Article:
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LendingTree is compensated by companies on this site and this compensation may impact how and where offers appear on this site (such as the order). LendingTree does not include all lenders, savings products, or loan options available in the marketplace.

Share of Million-Dollar Homes Rising — Here Are the Metros Where They’re Most Prevalent

Updated on:
Content was accurate at the time of publication.

Though home prices have remained steep after rapid growth during the height of the pandemic, paying $1 million or more for a house may seem excessive to most Americans. That said, just because most people aren’t spending seven figures on a house doesn’t mean million-dollar homes aren’t prevalent in some parts of the U.S.

To see where million-dollar houses are most common, LendingTree analyzed data from the U.S. Census Bureau’s American Community Survey to find the share of million-dollar homes in each of the nation’s 50 largest metropolitan areas.

While million-dollar houses aren’t common in most of the nation’s largest metros, they make up a majority share of homes in two California metros, San Jose and San Francisco — notoriously high-cost areas.

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Key findings

  • Million-dollar homes are relatively uncommon in most of the country. An average of 6.68% of owner-occupied homes in the nation’s 50 largest metros in 2021 were valued at $1 million or more. Though this means there’ll likely be plenty of sub-million-dollar homes from which buyers can choose, the share of million-dollar homes is growing. According to our research last year, an average of 4.71% of owner-occupied homes in the nation’s 50 largest metros in 2020 were valued at $1 million or more.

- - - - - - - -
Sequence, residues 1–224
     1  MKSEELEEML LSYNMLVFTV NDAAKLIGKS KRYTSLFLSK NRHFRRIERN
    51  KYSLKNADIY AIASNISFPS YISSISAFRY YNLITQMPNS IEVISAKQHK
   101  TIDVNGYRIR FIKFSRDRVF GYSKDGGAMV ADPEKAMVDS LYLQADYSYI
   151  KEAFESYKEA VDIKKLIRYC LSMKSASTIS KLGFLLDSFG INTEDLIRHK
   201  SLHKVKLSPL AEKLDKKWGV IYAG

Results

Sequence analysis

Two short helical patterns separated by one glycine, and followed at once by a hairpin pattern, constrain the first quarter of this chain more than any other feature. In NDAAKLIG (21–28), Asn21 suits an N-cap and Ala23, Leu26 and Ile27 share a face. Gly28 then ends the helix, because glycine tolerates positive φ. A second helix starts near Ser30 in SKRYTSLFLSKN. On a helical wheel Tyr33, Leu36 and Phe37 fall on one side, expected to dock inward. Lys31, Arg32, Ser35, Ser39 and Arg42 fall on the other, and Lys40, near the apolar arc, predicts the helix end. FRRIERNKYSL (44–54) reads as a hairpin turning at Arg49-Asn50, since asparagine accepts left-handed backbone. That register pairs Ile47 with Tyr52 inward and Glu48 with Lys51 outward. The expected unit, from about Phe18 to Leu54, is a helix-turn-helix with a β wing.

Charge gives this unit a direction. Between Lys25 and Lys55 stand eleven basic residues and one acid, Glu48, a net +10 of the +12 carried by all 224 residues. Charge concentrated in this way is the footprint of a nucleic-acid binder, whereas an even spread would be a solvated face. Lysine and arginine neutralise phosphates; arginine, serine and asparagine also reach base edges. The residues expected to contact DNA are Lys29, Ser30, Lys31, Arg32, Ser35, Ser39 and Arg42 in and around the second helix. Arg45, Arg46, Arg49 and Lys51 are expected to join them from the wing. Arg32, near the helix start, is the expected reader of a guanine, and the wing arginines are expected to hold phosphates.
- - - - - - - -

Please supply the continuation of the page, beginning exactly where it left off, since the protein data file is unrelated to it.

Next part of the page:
• San Jose and San Francisco, Calif., have the largest share of million-dollar homes. Respectively, 66.28% and 52.91% of owner-occupied homes in these metros are worth $1 million or more — making them the only two in our study where a majority of homes are worth at least $1 million. In last year’s study, San Jose was the only metro where a majority of owner-occupied homes were worth $1 million or more.
  • Including San Jose and San Francisco, the four metros with the highest percentage of million-dollar homes are in California. Driven by factors including dense populations and the significant wealth generated by the tech and entertainment industries, an average of 42.21% of owner-occupied homes across San Jose, San Francisco, Los Angeles and San Diego are valued at at least $1 million.
  • Only four metros — Buffalo, N.Y., Cleveland, Pittsburgh and Louisville, Ky. — have fewer than 1.00% of owner-occupied homes valued at at least $1 million. An average of only 0.85% of owner-occupied houses in these generally affordable metros are worth $1 million or more. Last year, Columbus, Ohio, Cincinnati, Indianapolis, Detroit and Memphis, Tenn. were also on the list of metros where fewer than 1.00% of owner-occupied homes were valued at $1 million or more, but their share of million-dollar homes has since grown.

Metros with the highest share of million-dollar homes

1. San Jose, Calif.

  • Number of owner-occupied housing units: 377,447
  • Number of owner-occupied units valued at $1 million or more: 250,179
  • Percentage of owner-occupied units valued at $1 million or more: 66.28%
  • Median value of owner-occupied housing units: $1,237,800

2. San Francisco

  • Number of owner-occupied housing units: 959,987
  • Number of owner-occupied units valued at $1 million or more: 507,914
  • Percentage of owner-occupied units valued at $1 million or more: 52.91%
  • Median value of owner-occupied housing units: $1,042,300

3. Los Angeles

  • Number of owner-occupied housing units: 2,176,998
  • Number of owner-occupied units valued at $1 million or more: 576,537
  • Percentage of owner-occupied units valued at $1 million or more: 26.48%
  • Median value of owner-occupied housing units: $748,700

 

Metros with the lowest share of million-dollar homes

1. Buffalo, N.Y.

  • Number of owner-occupied housing units: 341,086
  • Number of owner-occupied units valued at $1 million or more: 2,545
  • Percentage of owner-occupied units valued at $1 million or more: 0.75%
  • Median value of owner-occupied housing units: $192,000

2. Cleveland